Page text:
LeMill 1.9 is another step in getting everything right. This time we’ve redesigned the collections, and worked more on the new front page, and converted group blogs into group forums. The last change came from discussions where we concluded that for blogs to truly enable dialog, they must be used in an extreme way, meaning that each participant must have his own blog, follow other blogs, comment on other blogs, write about stuff in other blogs and respond to comments in his blog. Anything less means that you’re not really blogging, but just keeping a diary. So we converted blog to forums, since forums aren’t that demanding to enable dialogue.
What I’m exceited about is the upcoming merge of LeMill.net with the Learning Toolbox. The Toolbox is a closed instance of LeMill which has been used by the teachers participating in the CALIBRATE project. In our last consortium meeting is was decided that the two environments will be merged. So hopefully next week I can transfer some 150 teachers and the resources they’ve produced into LeMill.net. And from then on we’ll have only one community to grow and foster, instead of two overlapping ones.
I just realized today that we have a good change to release three new major “products” still before the summer. I also have a student who is interested in to develop the Papanek idea machine. This would make it four.
So, what are these “products” and how they should be considered in the “academic context”?
Our products are actually our hypothesis. They represent and carry with them definitions of challenges related to some human activity system. They are also representing out understanding on how the challenges could be solved. As hypothesis they are also prototypes: they are something we can test if they really solve any of the challenges they are designed to solve. The product is not only a product, but also our definition of “better way of doing things”.
In the academic circles the “product” sounds very commercial. However, our products are avant-garde products. They are experimental and novel. This makes them naturally to be “products” coming from an University, rather than from any other place.
Are we going to have a major release party some day later in spring?
If, we’ll get all four products released before then end of May, I’ll promise to arrange a huge party. Hans will be the dj.
On behalf of the development team, I’m proud to announce the release of LeMill version 1.8. We finally figured out a way to give more prominence to teacher-generated experience reports (now called teaching and learning stories). Collections now double as teaching and learning stories, and they will be shown on the brand new front page that’s been in the works for the last few weeks.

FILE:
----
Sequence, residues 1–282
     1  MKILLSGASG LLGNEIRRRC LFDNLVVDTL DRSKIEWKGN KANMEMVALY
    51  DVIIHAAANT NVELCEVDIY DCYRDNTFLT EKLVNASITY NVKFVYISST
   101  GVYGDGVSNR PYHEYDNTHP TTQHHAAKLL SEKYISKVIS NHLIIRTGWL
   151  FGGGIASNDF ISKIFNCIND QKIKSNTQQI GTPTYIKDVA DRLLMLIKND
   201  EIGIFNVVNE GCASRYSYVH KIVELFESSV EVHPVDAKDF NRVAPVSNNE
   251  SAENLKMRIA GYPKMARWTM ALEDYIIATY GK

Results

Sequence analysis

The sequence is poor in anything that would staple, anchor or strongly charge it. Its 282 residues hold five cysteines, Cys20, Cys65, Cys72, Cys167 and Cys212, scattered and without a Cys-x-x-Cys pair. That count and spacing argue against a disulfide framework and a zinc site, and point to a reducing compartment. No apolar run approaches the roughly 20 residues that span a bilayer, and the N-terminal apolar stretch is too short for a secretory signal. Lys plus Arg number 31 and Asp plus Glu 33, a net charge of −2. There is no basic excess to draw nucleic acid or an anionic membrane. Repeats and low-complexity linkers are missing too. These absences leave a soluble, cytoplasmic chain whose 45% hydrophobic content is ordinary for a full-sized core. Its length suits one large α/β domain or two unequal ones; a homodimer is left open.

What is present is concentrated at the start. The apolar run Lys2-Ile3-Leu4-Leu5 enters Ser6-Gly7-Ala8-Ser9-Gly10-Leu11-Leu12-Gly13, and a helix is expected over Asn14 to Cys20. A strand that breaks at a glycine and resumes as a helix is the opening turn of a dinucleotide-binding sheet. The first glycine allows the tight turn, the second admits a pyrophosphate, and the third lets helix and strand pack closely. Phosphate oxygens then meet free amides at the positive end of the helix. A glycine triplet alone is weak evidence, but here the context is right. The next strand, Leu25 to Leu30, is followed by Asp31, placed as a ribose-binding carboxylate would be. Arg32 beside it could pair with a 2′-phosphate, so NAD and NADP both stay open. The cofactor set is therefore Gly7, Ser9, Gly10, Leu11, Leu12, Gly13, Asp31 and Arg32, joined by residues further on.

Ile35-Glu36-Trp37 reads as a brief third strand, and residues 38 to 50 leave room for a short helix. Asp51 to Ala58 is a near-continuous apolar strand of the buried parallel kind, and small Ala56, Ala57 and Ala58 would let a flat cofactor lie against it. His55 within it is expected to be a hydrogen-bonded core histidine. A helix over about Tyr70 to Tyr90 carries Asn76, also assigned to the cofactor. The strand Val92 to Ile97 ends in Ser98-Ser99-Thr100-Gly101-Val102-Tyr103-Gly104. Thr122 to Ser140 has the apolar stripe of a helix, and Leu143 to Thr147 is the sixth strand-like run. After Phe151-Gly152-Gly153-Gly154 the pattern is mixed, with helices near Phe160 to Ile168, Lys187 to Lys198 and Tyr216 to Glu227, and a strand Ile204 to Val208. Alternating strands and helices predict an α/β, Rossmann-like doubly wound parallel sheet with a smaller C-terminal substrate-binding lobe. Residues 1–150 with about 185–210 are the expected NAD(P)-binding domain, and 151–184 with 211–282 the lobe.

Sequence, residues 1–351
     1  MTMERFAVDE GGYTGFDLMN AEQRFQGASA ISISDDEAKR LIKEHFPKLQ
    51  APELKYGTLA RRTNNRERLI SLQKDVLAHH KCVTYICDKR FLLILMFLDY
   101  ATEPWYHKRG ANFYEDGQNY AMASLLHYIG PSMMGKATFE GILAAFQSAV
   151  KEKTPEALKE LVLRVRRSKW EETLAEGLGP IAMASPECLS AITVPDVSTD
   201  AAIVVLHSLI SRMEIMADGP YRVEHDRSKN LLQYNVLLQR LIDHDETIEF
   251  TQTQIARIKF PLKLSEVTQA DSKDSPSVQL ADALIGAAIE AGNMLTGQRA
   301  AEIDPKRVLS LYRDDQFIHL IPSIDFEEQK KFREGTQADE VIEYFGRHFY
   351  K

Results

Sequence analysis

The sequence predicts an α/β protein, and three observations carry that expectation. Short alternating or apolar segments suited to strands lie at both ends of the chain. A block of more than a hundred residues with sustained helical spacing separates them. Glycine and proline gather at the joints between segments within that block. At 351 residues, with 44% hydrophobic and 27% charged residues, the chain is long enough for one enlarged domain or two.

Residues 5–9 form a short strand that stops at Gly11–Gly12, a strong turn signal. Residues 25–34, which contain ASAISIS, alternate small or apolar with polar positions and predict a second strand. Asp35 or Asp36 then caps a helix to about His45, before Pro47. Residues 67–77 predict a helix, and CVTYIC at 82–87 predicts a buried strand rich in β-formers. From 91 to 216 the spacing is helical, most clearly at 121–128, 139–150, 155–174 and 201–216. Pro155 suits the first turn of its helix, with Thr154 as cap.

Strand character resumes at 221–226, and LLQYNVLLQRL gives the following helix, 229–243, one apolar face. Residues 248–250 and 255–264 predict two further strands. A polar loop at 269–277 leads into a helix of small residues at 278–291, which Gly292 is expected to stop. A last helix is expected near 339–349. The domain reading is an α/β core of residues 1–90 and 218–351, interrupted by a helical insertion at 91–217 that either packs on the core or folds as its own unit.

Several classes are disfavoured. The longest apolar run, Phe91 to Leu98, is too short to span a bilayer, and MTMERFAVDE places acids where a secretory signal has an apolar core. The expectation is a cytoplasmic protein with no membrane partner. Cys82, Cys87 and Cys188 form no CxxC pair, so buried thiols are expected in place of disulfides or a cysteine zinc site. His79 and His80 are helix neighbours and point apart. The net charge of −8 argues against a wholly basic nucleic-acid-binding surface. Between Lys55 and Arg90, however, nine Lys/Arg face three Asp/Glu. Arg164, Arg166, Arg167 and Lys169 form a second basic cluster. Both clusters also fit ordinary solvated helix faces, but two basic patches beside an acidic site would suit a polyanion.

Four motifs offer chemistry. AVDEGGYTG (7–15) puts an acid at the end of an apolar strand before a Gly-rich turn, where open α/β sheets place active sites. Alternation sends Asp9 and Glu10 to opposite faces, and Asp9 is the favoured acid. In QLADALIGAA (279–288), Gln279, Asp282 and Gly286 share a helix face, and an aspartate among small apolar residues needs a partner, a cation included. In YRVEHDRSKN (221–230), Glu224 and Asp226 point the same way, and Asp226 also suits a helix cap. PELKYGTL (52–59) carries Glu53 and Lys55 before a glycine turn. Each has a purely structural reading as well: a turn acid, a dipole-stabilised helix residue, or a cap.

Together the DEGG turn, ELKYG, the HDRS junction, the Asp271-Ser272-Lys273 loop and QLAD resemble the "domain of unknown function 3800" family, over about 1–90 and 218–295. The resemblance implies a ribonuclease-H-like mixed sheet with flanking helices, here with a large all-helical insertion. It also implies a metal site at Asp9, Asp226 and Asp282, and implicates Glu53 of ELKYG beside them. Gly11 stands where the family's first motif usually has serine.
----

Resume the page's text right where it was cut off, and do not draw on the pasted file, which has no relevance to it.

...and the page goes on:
We’re still keeping the new front page locked away for a while, so we have time to generate a few good stories into LeMill.net, so the front page won’t look completely anemic. We’ll enable the front page next week. So keep tuned.
But I guess the major news is that Hans finally removed the “preview” part from the LeMill logo. Which means this is the first version that he’s not “ashamed to release as his design”, to quote his words. In web 2.0 terminology, I guess we now dropped the “beta” from the logo.
For more information:
- lemill.net is the free, public online service that anyone can use
- lemill.org is the fully open development site where you can more closely follow our development progress
- you’re welcome to chat with us in IRC (irc://#lemill@freenode) which you can also conveniently access from the Community page of lemill.net
- and of course there are the mailing lists
We made some Christmas bugfixes and updated LeMill.net to 1.51.
The CALIBRATE EU project where we develop LeMill had its first year review this week. Three expert reviewers have been going through the deliverables and documentation for the past month, and on Tuesday we were in Brussels presenting our work and answering their questions.
All in all the review went well. This seems to be a serious project that actually does something. And reviewers were particularly pleased with our work package’s deliverables and thought quite highly of the Toolbox system we’ve developed (LeMill with a different skin and integration with the EUN LRE). The final review report is due before the year is over, but already the reviewers accepted all deliverables and with some recommendations the work we’re doing seems to be to their liking.